The Kentucky Court of Appeals sent a not so subtle message to any volunteer firefighter within the state who has been laid off from his or her regular employment during the current “Great Recession”: “Stop Volunteering!” Adding what amounts to insult to injury, the court recently affirmed a decision by the Kentucky Workers’ Compensation Board that had denied permanent disability benefits to a firefighter because he had no “regular employment” at the time of the injury and, therefore, no average weekly wages from which to compute his award [see Justice v. Kimper Volunteer Fire Dep’t, 2012 Ky. App. LEXIS 171 (Sept. 14, 2012)].
Justice (the firefighter’s name was “Justice) responded to an emergency in his capacity as a volunteer firefighter. As he drove to the scene, he was struck by another vehicle and sustained injuries to his back, neck, and shoulder. He had worked as a mechanic until approximately two months before the injury. Justice contended that his ”regular employment“ was as a mechanic in his prior job with a trucking company and that his AWW should be determined to be his wage while he was working there. In the alternative, Justice argued that his AWW could be calculated ”in reverse” by taking the minimum temporary total disability rate available for the year 2009 and determining the AWW that yielded such a rate.
A law judge, stating that he was “bound by the plain language” of KRS 342.140(3), rejected Justice’s arguments and concluded that Justice had no “regular employment” and no AWW at the time of the subject accident. The judge ruled that Justice was, therefore, not entitled to an award of permanent partial disability income benefits under KRS 342.730. The Board affirmed in relevant part.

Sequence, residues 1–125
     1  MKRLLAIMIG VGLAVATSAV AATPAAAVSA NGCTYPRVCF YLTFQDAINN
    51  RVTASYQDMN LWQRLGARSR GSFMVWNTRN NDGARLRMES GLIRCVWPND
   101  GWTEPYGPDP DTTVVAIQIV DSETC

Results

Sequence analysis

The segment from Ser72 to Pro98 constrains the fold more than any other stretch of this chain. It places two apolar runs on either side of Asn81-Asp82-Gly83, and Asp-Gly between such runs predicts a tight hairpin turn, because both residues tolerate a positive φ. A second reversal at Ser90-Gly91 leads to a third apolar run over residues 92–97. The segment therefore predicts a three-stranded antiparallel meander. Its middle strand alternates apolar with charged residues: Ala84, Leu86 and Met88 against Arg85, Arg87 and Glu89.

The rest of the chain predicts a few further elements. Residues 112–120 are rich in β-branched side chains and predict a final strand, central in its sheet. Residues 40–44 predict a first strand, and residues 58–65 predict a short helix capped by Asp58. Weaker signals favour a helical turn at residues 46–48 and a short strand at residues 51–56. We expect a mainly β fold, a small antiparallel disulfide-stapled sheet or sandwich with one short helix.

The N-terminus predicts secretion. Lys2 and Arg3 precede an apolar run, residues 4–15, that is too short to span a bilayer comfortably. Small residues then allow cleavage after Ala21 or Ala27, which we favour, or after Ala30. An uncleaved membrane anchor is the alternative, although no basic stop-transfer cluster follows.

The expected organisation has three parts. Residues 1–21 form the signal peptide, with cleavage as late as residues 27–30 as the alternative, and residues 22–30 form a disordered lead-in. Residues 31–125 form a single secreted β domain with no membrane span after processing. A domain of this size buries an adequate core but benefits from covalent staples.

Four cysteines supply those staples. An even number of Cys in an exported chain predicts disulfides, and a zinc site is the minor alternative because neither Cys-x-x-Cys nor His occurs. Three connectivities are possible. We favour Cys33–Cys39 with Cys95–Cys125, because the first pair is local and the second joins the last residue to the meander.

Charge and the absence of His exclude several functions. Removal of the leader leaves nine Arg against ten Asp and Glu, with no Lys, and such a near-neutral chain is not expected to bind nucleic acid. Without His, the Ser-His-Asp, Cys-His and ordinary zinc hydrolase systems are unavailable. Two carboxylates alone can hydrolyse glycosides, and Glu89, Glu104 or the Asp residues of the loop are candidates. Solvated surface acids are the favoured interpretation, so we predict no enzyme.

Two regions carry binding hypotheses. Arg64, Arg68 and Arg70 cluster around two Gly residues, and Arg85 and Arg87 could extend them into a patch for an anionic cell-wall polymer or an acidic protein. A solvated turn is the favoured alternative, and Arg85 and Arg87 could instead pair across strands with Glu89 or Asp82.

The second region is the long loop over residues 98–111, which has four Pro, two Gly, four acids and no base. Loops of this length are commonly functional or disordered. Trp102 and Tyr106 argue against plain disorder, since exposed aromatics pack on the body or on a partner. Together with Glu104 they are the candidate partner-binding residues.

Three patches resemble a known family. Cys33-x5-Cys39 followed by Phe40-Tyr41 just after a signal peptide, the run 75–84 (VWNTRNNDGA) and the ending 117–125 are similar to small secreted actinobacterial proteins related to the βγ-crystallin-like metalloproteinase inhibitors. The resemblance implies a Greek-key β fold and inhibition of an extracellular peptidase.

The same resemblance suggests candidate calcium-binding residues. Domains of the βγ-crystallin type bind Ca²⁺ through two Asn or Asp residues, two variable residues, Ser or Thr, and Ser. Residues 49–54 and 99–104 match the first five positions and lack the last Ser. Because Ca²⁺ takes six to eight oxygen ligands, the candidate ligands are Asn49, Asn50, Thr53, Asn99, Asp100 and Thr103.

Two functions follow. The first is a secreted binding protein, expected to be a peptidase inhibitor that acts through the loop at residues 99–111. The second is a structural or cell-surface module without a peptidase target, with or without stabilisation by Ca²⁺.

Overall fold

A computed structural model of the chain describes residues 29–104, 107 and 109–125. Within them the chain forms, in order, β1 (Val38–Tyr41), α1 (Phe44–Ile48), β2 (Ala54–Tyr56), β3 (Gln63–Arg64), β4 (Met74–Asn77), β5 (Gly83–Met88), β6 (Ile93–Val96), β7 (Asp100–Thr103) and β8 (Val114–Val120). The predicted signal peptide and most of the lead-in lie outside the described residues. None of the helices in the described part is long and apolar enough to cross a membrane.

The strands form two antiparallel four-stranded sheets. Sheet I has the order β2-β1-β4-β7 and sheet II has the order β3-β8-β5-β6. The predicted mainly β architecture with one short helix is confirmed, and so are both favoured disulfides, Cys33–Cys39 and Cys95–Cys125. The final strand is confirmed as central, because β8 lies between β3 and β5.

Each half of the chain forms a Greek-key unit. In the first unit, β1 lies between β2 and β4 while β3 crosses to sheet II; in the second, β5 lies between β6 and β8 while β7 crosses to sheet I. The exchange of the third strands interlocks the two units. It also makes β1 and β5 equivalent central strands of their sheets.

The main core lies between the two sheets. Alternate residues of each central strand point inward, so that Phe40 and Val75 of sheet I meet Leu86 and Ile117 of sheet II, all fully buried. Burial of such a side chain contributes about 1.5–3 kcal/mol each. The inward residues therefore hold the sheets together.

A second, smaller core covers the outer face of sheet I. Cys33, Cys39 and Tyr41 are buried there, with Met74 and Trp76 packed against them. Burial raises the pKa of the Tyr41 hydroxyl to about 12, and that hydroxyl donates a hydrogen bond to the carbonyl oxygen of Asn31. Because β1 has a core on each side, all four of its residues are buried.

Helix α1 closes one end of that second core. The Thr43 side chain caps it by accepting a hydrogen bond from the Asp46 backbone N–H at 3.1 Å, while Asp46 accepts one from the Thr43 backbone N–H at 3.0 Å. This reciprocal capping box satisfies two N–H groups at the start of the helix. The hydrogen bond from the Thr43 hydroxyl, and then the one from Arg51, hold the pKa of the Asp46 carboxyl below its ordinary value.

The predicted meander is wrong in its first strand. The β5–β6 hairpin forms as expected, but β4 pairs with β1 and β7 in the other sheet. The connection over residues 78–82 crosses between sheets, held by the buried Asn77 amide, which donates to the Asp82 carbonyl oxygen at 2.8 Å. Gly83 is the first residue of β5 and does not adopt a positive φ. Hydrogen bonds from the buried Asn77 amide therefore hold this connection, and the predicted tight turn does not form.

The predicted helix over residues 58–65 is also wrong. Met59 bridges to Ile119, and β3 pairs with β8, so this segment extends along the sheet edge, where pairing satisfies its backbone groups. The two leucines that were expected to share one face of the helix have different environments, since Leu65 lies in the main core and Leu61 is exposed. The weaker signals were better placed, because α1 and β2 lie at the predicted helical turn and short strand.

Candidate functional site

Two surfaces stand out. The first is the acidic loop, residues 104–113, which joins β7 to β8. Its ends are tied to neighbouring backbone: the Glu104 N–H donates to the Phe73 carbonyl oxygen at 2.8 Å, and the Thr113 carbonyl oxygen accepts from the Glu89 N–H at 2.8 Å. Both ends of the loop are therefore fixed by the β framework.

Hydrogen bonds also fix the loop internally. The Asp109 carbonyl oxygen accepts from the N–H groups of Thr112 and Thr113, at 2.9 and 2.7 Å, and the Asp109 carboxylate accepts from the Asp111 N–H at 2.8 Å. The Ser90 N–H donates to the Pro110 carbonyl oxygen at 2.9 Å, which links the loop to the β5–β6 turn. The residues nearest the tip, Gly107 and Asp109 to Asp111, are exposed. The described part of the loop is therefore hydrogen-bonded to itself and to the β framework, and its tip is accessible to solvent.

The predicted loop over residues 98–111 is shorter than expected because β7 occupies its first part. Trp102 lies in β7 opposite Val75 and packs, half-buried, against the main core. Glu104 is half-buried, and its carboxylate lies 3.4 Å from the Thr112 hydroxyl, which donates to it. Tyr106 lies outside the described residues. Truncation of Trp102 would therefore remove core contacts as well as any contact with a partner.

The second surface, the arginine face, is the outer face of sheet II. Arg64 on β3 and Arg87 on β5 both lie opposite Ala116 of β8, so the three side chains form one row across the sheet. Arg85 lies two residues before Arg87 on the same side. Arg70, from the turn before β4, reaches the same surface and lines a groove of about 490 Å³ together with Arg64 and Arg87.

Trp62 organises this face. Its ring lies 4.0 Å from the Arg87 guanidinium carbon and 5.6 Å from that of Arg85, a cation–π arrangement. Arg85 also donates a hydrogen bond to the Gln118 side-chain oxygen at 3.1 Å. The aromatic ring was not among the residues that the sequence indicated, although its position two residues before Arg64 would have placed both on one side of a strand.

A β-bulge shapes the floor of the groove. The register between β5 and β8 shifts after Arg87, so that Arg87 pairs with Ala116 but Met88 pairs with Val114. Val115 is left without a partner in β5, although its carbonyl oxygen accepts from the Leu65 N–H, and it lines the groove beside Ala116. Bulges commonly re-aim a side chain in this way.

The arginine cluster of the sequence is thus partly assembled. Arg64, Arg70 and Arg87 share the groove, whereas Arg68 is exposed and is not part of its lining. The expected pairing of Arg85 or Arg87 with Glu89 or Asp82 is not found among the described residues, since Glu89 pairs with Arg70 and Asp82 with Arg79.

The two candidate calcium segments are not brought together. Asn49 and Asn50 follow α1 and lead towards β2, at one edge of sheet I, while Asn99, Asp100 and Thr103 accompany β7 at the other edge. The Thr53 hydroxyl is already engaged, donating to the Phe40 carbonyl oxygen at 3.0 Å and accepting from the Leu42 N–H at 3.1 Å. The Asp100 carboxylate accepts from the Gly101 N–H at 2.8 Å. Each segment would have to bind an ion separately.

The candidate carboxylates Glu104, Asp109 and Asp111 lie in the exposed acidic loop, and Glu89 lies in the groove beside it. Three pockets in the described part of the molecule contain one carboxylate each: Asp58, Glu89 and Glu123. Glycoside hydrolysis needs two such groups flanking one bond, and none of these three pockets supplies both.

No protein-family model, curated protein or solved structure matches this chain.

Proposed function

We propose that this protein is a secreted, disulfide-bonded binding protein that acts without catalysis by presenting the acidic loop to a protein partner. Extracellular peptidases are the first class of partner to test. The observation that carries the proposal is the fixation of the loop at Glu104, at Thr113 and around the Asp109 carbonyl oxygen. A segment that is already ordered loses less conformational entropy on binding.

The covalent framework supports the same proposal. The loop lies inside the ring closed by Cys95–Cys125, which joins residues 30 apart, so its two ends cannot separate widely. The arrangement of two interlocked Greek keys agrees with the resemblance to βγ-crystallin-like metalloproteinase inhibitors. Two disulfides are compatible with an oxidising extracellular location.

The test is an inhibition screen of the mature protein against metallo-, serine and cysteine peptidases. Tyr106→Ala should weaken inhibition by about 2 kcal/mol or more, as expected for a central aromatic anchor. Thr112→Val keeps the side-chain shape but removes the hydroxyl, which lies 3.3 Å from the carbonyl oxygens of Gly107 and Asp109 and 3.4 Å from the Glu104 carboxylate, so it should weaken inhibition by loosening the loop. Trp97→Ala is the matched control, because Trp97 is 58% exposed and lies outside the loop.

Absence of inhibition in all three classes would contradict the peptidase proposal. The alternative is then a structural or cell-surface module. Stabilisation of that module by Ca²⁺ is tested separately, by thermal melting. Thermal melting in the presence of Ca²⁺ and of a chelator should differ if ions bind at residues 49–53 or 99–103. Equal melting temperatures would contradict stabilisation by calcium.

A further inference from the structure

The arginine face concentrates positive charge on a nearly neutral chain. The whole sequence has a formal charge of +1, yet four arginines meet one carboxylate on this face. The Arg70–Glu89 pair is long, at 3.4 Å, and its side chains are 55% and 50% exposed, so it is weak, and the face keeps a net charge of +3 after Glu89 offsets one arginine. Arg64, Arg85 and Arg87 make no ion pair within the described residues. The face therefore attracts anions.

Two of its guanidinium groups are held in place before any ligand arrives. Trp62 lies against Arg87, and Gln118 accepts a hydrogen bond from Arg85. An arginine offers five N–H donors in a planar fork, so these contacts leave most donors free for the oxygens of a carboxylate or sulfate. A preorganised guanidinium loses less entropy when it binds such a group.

The appellate court indicated the case of Highland Heights Volunteer Fire v. Ellis, 160 S.W.3d 768 (Ky. 2005) was dispositive of the issue raised by Justice. Ellis involved a stock-broker who was injured while serving in a capacity as a volunteer fire fighter. The Kentucky Supreme Court determined volunteer firefighters, police and emergency personnel were covered employees pursuant to KRS 342.640(3) and that income benefits were to be based on the average weekly wage in their regular employment. In Ellis’ case, the average weekly wage was based on his current employment as a stockbroker.
The court of appeals observed that language in Ellis indicating that the income benefit of volunteer personnel who had no regular employment would be zero was arguably dicta since the claimant in Ellis actually had regular paid employment at the time of injury. The court added, however, that the position was nonetheless entirely consistent with the language of KRS 342.140(3).2 and that in as much as the position was set forth by the state’s highest court, it necessarily carried considerable weight – dicta or no.
Practitioners should be aware that there is certainly precedent to the contrary in other states. See Brown v. Walnut Cove Volunteer Fire Dep’t, 71 N.C. App. 409, 322 S.E.2d 443 (1984) , aff’d, 317 N.C. 147, 343 S.E.2d 523 (1986), where the injured volunteer firefighter had been laid off from his mechanic’s job for almost a year, except for sporadic work for a few weeks. However, he was subject to recall under his union contract. The court held that it was not error to calculate his wages based upon the mechanic’s job, because this represented Brown’s primary source of income, to which he expected to return.